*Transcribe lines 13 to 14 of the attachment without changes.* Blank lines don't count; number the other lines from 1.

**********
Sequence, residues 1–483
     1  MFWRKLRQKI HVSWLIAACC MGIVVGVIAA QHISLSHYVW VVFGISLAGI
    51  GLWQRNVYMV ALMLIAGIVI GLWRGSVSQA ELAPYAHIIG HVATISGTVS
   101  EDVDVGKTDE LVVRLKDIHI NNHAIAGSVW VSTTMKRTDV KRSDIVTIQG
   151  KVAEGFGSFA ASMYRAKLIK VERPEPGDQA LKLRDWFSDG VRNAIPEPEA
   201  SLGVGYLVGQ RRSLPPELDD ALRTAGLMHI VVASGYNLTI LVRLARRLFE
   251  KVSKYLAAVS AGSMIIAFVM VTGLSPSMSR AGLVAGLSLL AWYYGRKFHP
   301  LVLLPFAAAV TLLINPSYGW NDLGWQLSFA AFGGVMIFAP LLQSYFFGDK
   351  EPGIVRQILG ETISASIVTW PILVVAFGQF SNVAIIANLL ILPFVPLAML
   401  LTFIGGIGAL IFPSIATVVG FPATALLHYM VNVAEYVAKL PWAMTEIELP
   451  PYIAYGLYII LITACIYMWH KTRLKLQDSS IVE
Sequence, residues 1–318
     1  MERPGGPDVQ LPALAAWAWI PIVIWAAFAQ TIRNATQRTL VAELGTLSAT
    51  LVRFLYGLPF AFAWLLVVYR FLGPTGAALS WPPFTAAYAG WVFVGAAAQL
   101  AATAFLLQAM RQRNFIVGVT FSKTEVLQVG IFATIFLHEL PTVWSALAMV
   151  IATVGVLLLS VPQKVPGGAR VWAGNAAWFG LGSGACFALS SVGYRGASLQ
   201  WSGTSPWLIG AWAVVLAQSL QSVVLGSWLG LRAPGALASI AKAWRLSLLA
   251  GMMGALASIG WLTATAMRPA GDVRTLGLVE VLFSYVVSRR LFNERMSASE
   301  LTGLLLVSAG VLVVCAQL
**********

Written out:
     1  MERPGGPDVQ LPALAAWAWI PIVIWAAFAQ TIRNATQRTL VAELGTLSAT
    51  LVRFLYGLPF AFAWLLVVYR FLGPTGAALS WPPFTAAYAG WVFVGAAAQL